An astragal is an architectural element that has been used for centuries to provide both functional and decorative purposes. It is typically a narrow, convex torus that is used to create a border around a door or window. The astragal is commonly made of wood, stone, or metal and is used both functionally to secure and finish the door or window, and aesthetically to add an ornamental design element. It typically takes the form of a strip with a convex cross-section, providing a raised surface for the door or window which helps to create a weather seal, and can also be used to keep out dust and bugs. In addition to its use in doors and windows, the astragal is also commonly used in other architectural elements such as columns, fireplaces, and baseboards. It is a classic element of classical and traditional architecture, but also has its place in modern design. The astragal is often used in combination with other molding profiles, such as dentils, ogees, and cymas, to create intricate and visually appealing designs. The word astragal has a long history, with the earliest written record of the word found in Ancient Greek. The word originates from the Greek word astragalos, which was used to describe a sheep or goat's ankle bone. Historically, the term was used to denote an architectural element in columns, as part of the ovolo, a semicircular molding. However, in modern usage, it has come to be employed more generally in the description of various architectural features and finishes. Overall, the astragal is a versatile and timeless architectural element that has been used for centuries to provide both functional and decorative purposes. Its use in doors, windows, columns, fireplaces, and baseboards has made it a staple in classical and traditional architecture, but its ability to be combined with other molding profiles has also made it a popular choice in modern design.
architectural element, functional, decorative, molding profile, classical, traditional, modern design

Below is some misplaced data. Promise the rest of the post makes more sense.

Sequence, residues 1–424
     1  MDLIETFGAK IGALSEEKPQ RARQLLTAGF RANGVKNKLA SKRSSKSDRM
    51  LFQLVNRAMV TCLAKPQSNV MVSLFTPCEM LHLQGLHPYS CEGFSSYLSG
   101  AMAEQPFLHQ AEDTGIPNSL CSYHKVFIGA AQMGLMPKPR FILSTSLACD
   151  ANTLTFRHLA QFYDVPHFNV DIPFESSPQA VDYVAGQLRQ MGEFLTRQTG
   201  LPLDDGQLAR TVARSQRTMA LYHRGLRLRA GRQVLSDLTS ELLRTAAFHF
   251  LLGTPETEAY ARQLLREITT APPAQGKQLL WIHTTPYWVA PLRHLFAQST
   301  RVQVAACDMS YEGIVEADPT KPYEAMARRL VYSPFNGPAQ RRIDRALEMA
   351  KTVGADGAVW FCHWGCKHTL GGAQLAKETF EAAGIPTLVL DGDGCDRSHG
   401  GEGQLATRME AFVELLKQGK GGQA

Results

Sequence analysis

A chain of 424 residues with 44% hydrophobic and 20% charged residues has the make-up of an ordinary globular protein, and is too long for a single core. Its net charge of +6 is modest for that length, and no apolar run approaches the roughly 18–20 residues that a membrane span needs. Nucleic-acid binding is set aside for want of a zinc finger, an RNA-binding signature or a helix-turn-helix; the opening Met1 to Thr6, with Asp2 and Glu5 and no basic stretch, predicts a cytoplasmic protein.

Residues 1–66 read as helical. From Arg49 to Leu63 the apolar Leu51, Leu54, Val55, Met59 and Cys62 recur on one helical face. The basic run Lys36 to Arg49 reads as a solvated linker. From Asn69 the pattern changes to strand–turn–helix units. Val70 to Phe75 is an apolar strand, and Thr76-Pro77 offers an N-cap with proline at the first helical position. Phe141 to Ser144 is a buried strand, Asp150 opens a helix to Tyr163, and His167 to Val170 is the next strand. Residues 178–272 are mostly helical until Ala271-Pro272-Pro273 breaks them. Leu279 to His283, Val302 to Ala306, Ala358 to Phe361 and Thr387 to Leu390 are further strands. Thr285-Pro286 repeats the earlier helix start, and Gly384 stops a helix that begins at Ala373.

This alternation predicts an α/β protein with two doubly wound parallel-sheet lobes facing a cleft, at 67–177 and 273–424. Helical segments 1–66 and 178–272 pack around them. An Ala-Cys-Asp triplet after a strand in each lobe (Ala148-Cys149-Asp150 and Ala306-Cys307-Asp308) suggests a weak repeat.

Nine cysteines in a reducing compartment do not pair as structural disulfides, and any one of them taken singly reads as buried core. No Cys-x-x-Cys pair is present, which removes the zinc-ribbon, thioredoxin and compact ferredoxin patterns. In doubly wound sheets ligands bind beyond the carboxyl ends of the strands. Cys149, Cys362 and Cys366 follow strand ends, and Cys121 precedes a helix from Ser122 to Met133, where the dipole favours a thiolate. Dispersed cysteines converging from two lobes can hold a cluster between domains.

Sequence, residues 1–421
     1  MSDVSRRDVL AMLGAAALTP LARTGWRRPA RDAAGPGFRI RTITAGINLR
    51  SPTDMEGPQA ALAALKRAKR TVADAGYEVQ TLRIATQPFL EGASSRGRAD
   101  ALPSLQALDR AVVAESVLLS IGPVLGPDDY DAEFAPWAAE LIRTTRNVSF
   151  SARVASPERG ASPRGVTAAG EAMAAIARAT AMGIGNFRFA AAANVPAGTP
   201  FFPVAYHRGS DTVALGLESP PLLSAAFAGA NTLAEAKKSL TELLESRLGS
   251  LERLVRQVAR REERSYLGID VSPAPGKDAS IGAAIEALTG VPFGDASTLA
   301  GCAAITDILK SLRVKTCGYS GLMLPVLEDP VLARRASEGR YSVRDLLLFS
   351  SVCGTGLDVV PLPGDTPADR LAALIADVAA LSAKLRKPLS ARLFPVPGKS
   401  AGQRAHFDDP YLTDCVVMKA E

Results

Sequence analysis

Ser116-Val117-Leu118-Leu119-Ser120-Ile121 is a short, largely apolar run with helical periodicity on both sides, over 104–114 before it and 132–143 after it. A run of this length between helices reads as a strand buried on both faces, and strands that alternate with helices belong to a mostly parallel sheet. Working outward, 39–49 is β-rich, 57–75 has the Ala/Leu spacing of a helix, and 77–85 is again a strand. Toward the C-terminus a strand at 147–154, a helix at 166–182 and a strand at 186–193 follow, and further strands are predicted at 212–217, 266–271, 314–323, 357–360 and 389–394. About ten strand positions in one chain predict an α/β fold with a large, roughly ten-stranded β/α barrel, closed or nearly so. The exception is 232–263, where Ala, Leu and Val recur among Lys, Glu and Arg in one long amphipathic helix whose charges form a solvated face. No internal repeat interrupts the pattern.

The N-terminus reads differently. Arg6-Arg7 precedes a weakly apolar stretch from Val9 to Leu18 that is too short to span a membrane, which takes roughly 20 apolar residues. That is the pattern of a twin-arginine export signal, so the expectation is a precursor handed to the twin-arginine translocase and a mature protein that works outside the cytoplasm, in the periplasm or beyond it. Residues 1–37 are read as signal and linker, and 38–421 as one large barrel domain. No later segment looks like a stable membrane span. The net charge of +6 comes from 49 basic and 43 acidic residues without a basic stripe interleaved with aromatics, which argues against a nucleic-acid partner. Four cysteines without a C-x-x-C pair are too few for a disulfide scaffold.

Astragal is a molding profile that is commonly used in architecture, particularly in the Classical and Gothic Revival styles. It is typically a narrow, convex torus, and it is often found in window frames, doors, and other architectural elements. An astragal may be applied to the edges of a wall panel or other surface, or it may be used to define the space between two panels or other architectural elements. It is also used as a decorative feature in its own right, and is sometimes used to separate two panels or to create a pattern of alternating light and dark colors. In some cases, an astragal may be used to separate two architectural elements, such as a column and a doorway, or a door and a window. Astragals are often used in combination with other molding profiles, such as dentils, ogees, and cymas.
Molding, Profile, Torus, Decorative, Element.
An astragal is an architectural term for a moulding profile composed of a half-round surface surrounded by two flat planes. It is typically employed to provide a transition between two flat surfaces or a point of decoration for a column or other structure. Astragals are commonly used in door and window frames, baseboards, fireplaces, and column capitals. The astragal is a classic element of classical and traditional architecture, but also has its place in modern design.
Astragal profiles, mouldings, trim, frames, transitions, decoration, columns, capitals, doorways, windows, baseboards, fireplaces.